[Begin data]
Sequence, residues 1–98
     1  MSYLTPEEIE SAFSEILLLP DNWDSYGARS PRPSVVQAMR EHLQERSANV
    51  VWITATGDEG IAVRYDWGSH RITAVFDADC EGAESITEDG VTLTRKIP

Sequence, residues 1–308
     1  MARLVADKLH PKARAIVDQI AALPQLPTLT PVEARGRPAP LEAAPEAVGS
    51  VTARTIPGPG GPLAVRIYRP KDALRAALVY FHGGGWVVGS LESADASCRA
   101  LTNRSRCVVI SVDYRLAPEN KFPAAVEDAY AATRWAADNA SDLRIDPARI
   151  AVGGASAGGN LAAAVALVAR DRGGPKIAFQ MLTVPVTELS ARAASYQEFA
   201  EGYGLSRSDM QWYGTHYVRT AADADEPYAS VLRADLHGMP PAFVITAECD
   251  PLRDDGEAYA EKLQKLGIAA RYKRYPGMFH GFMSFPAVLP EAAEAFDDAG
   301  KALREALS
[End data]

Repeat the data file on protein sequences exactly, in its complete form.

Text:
Sequence, residues 1–98
     1  MSYLTPEEIE SAFSEILLLP DNWDSYGARS PRPSVVQAMR EHLQERSANV
    51  VWITATGDEG IAVRYDWGSH RITAVFDADC EGAESITEDG VTLTRKIP

Sequence, residues 1–308
     1  MARLVADKLH PKARAIVDQI AALPQLPTLT PVEARGRPAP LEAAPEAVGS
    51  VTARTIPGPG GPLAVRIYRP KDALRAALVY FHGGGWVVGS LESADASCRA
   101  LTNRSRCVVI SVDYRLAPEN KFPAAVEDAY AATRWAADNA SDLRIDPARI
   151  AVGGASAGGN LAAAVALVAR DRGGPKIAFQ MLTVPVTELS ARAASYQEFA
   201  EGYGLSRSDM QWYGTHYVRT AADADEPYAS VLRADLHGMP PAFVITAECD
   251  PLRDDGEAYA EKLQKLGIAA RYKRYPGMFH GFMSFPAVLP EAAEAFDDAG
   301  KALREALS